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Choquequirao Trail

Difficult

Trail

26.6 mile 42.9 kilometer point to point
55% Runnable
Difficult

Elevation

Ascent: 14,618' 4,456 m
Descent: -12,480' -3,804 m
High: 13,484' 4,110 m
Low: 4,845' 1,477 m

Grade

Avg Grade: 19% (11°)
Max Grade: 109% (47°)

Dogs

Unknown
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Trail shared by Jeff Gonzales

Weather

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Experience an awesome run in the Peruvian Andes.

Jeff Gonzales

Features River/Creek · Views

Need to Know

This trek requires excellent fitness and backpacking skills. It is possible to complete the trek without a guide, but the runner must be an experienced backpacker or trail runner to do so. Guided experiences offer porters and cooks for the less-experienced. This trail can be completed in 4 or 5 days as a backpacking trip, and there are set campsites along the way.

Runner Notes

This trail IS runnable as a long day, but only for the extremely fit (or native Peruvians who are from the area).

Description

This run presents the opportunity to explore a lesser-known Inca archaeological site, Choquequirao. Choquequirao (which means "Cradle of Gold") is considered to be a sister site to Machu Picchu. Although it is nearly three times larger than it's more popular sister, the site itself has experienced quite a bit of erosion due to its position on rockslide-prone slopes. Additionally, it's nearly a two day journey from the nearest road, which makes visiting the site difficult and reserved for only those who are fit enough to do so.

The trek starts at the end of a mountain road near the city of Cachora. The trailhead has sparse amenities, which include an outhouse and a few vendors selling various snacks and beverages. Due to the relative difficulty of accessing the trailhead, many independent travelers choose to begin the trek in Cachora by running up the dirt road to reach the trailhead.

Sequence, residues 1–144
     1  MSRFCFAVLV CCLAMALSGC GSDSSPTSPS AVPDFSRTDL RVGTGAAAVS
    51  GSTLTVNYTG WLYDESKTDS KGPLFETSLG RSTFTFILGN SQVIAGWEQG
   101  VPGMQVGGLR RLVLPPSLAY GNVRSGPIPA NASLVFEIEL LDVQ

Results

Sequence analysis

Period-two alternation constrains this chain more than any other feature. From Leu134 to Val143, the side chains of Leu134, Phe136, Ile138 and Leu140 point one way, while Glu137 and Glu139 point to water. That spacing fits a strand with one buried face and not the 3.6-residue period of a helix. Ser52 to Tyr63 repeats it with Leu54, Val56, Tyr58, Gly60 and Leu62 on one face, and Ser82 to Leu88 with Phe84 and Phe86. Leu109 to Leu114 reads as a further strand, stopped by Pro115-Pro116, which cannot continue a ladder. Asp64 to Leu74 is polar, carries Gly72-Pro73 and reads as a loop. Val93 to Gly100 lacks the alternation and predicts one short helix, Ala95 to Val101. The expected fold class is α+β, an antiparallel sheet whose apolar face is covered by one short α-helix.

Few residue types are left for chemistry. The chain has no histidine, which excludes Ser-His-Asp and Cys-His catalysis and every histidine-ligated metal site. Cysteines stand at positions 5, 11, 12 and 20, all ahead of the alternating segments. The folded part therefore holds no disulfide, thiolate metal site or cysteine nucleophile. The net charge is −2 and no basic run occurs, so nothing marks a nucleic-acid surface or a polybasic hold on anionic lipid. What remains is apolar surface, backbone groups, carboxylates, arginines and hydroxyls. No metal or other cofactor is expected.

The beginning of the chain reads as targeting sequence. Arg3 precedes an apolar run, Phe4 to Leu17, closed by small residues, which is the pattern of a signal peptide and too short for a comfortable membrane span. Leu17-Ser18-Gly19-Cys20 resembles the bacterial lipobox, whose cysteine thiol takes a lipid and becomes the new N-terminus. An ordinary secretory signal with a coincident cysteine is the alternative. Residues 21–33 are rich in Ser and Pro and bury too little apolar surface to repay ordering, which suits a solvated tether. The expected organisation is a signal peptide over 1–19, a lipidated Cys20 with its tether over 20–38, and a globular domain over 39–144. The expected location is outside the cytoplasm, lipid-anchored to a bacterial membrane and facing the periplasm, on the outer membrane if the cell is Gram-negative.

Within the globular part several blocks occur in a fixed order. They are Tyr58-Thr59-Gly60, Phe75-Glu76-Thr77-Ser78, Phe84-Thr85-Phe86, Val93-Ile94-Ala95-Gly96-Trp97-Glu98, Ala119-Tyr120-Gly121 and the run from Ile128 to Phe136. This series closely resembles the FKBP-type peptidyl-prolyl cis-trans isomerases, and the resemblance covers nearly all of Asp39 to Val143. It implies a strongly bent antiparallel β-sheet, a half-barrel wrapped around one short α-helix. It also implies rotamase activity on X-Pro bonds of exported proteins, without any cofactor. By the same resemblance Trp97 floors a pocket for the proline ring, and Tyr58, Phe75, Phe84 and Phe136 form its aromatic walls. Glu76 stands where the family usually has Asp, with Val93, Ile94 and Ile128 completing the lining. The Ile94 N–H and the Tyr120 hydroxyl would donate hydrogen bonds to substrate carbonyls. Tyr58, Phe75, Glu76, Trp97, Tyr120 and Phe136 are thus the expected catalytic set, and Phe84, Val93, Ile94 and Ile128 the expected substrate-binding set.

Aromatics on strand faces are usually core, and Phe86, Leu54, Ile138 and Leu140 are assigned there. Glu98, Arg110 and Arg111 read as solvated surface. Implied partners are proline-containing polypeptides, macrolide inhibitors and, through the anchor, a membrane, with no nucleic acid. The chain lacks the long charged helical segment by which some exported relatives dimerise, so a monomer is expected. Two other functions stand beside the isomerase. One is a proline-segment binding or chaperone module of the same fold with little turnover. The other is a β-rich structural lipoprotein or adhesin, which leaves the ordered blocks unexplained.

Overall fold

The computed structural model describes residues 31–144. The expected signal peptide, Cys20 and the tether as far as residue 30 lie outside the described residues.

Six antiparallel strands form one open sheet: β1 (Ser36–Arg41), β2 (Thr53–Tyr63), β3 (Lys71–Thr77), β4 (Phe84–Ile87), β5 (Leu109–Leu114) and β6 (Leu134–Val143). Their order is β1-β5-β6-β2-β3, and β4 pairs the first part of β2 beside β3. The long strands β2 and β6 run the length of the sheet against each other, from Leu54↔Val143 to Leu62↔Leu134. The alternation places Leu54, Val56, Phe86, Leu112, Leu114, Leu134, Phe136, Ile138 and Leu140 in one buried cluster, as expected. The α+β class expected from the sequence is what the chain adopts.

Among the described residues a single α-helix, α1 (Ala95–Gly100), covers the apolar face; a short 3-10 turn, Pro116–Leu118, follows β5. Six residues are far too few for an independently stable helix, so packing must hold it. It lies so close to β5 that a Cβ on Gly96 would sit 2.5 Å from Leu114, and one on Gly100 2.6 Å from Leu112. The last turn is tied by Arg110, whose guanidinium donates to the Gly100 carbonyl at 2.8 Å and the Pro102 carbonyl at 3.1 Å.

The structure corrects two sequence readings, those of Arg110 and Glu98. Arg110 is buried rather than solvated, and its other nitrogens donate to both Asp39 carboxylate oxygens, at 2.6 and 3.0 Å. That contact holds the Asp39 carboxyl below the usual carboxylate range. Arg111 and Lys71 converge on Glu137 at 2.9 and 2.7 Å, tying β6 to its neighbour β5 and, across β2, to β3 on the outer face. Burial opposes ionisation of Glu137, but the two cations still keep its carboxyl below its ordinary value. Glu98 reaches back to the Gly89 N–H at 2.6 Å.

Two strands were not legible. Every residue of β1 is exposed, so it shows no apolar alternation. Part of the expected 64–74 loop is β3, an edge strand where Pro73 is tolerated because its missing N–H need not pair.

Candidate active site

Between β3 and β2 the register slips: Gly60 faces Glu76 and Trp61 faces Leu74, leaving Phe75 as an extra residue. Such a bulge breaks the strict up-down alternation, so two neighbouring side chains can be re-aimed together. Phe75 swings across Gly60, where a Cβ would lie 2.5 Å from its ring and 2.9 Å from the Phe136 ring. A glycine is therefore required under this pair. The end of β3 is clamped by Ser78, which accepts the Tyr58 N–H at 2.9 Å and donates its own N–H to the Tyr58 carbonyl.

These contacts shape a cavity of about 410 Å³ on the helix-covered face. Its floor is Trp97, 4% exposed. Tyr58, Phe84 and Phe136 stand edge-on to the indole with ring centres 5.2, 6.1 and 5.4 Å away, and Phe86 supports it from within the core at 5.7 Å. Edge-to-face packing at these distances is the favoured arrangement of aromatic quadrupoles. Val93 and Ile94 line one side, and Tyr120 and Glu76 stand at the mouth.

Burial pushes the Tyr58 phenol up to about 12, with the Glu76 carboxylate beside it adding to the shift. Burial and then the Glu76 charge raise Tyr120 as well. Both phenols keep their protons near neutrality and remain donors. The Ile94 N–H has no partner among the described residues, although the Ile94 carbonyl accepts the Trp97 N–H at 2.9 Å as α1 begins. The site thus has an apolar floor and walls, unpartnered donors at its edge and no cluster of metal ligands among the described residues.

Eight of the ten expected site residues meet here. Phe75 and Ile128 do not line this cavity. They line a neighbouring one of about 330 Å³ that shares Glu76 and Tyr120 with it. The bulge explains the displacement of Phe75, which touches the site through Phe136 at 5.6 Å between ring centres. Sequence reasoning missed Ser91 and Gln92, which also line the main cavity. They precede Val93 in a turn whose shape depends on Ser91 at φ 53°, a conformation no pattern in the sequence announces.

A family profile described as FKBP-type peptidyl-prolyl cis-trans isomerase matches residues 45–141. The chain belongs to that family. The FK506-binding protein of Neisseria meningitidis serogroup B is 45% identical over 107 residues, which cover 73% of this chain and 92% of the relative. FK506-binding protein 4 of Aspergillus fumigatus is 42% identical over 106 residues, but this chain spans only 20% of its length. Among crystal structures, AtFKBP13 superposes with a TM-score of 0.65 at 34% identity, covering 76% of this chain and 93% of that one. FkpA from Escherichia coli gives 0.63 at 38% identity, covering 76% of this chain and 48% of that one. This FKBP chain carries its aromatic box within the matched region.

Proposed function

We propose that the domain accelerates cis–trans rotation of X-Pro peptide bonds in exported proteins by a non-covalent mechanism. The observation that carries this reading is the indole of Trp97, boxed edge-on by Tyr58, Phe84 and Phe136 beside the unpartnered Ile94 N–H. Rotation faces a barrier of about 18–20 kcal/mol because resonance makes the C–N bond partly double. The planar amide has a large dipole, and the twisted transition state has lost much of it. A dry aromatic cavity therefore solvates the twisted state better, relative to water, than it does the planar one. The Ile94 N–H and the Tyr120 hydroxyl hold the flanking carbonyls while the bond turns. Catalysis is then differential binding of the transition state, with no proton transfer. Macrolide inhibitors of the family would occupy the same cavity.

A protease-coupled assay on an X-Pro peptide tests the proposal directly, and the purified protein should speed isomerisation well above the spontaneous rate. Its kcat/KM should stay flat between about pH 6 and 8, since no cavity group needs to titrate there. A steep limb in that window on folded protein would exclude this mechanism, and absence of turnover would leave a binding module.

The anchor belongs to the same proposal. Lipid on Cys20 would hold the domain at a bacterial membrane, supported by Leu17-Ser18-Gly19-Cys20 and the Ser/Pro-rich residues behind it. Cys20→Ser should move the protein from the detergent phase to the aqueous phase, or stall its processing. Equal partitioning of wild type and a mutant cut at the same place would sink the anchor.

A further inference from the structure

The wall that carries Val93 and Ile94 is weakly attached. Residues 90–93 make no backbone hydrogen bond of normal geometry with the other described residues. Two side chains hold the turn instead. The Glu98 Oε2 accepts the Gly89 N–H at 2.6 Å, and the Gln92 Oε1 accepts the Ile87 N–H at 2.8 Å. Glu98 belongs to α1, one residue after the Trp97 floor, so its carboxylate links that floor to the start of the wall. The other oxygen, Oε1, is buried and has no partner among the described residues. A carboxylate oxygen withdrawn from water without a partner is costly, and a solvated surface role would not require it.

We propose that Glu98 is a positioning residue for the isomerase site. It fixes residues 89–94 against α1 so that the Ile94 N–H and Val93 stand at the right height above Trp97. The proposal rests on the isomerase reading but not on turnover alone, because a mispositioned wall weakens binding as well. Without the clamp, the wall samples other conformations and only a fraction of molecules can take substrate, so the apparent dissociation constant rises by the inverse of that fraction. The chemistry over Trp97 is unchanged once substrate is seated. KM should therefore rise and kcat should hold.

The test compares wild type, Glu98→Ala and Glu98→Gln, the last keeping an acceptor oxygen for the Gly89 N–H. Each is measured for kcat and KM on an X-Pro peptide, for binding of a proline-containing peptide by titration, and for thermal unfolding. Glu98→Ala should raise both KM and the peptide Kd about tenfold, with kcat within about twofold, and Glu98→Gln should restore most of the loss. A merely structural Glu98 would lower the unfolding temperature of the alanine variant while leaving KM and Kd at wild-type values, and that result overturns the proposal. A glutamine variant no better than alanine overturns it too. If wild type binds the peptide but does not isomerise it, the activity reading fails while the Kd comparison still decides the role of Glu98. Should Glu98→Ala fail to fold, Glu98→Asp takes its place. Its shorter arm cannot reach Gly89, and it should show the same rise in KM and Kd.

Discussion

For the first six miles, trekkers descend nearly 5,000 vertical feet to the river basin below. Due to the geography of the slope, this side of the valley is desert-like: hot, barren, and dusty. Once the river is crossed via a suspension bridge, runners will find themselves in increasingly jungle-like terrain. The scenery becomes more lush and green as the trek continues to Choquequirao.

Upon reaching Choquequirao, runners will find themselves with views not only of the Incan ruins, but also the immense river valley and several 16,000+ foot peaks. The spot is magical.

After leaving Choquequirao, the trail ascends another 1,000 feet or so, then begins a rapid, 4,500 foot descent into a secondary river valley below. From here, the trail winds up a steep, lush mountainside, and finally peaks at an elevation of 13,468 feet after a 6 mile climb. After reaching this pass, runners will be treated to a nice meander into the village of Yanama, where they may then organize transportation to any number of the neighboring cities (and hopefully continue their journey to see Machu Picchu!).

Flora & Fauna

This trail is a mixture of high desert, jungle, and mountain passes.

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  5.0 from 1 vote

#1133

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Trail Rankings

#2

in Peru

#1,133

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1,369 Since Mar 20, 2018
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Photos

A look back at the trail carved into the mountain side.
Mar 21, 2018 near Huanipaca, PE
Descending into the first valley
Mar 21, 2018 near Cachora, PE
On the northern side of Choquequirao, heading down into the second valley
Mar 21, 2018 near Huanipaca, PE
This photo was taken from a bit higher than the pass. You can see the trail we were on as well as a small rest area.
Mar 21, 2018 near Cachora, PE
Choquequirao up close
Mar 21, 2018 near Huanipaca, PE
View from the trailhead
Mar 21, 2018 near Cachora, PE

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